Five years ago, Jim Wolfensohn, the World Bank’s President, deeply convinced that we in the development world were missing out on critical issues and partnerships by ignoring the world of faith, asked me to lead an initiative essentially to foster dialogue, alliances and partnerships between the world of development and the world of religion. Among other actions, he has co-chaired with George Carey, former Archbishop of Canterbury, three meetings of leaders from faith and development communities to reflect on both common ground and divides. The conclusion has been a heightened emphasis on the vital importance of bridging the divide and forging new and creative partnerships based on much greater common understanding and respect.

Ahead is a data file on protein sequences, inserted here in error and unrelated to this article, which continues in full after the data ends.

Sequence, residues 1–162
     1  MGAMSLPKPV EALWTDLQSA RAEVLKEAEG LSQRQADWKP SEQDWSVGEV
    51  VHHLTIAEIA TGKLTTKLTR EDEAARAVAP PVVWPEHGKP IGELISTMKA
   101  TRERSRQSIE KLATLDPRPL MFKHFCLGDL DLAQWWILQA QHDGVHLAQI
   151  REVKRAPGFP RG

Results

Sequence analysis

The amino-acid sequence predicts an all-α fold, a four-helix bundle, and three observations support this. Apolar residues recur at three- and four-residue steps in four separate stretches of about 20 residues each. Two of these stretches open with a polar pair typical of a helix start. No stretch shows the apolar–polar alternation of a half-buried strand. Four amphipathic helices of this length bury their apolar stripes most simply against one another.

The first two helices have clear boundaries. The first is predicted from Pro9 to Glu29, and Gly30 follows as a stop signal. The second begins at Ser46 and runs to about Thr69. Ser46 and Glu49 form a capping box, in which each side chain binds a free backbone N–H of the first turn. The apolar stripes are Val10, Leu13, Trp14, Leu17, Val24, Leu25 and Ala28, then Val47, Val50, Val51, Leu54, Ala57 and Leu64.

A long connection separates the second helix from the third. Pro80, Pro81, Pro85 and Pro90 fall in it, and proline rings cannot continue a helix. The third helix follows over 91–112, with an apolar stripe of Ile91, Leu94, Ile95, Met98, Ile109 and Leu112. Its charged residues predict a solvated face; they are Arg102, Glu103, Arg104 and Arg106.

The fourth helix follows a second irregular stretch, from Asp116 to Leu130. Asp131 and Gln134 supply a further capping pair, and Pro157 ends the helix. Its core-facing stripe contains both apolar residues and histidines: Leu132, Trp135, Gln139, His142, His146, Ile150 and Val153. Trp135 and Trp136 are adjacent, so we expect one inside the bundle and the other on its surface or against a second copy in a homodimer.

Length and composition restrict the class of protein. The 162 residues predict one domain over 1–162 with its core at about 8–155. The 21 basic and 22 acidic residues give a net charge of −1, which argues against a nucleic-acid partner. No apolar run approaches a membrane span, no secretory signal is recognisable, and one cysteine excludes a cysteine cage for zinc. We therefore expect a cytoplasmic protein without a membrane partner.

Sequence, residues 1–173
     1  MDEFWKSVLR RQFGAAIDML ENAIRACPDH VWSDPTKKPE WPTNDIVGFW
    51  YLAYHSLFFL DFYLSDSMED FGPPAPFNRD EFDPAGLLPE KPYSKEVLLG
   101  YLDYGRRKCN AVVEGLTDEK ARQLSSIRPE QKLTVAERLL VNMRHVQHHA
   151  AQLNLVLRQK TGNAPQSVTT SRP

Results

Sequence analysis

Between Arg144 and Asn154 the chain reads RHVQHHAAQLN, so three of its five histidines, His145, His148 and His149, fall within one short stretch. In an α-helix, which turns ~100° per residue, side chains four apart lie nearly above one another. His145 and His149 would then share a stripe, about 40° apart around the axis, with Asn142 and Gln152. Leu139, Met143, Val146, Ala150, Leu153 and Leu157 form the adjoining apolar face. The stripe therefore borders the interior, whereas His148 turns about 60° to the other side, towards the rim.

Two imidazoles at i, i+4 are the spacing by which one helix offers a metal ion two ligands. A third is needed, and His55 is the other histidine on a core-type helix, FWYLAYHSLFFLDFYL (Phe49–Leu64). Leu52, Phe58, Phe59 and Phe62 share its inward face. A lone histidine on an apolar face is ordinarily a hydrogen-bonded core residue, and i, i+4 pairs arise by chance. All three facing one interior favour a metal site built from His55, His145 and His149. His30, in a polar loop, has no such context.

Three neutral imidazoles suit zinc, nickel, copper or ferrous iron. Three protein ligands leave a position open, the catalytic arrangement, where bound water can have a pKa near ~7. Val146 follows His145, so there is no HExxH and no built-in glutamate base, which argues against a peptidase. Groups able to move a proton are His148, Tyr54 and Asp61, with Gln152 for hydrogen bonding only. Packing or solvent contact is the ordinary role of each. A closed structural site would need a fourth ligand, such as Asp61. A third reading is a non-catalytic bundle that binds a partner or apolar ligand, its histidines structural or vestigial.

Why is this so important? First and perhaps foremost, surveys of poor communities the world over show remarkable levels trust in religious institutions – generally higher than others like government, media, and police, and NGOs. So, if you are to work effectively in poor communities, some kind of knowledge of and engagement with faith leaders is imperative.

Another very practical issue is the substantial role that faith institutions play in providing social services in many poor communities. The numbers are not well known but in many countries more than half of health and education services are provided by faith communities. They play vital roles in many sectors including protection of natural resources and care for those in trouble, including during major crises. In the countries left behind – the failed states – it is often only faith institutions who are left behind with the poor communities.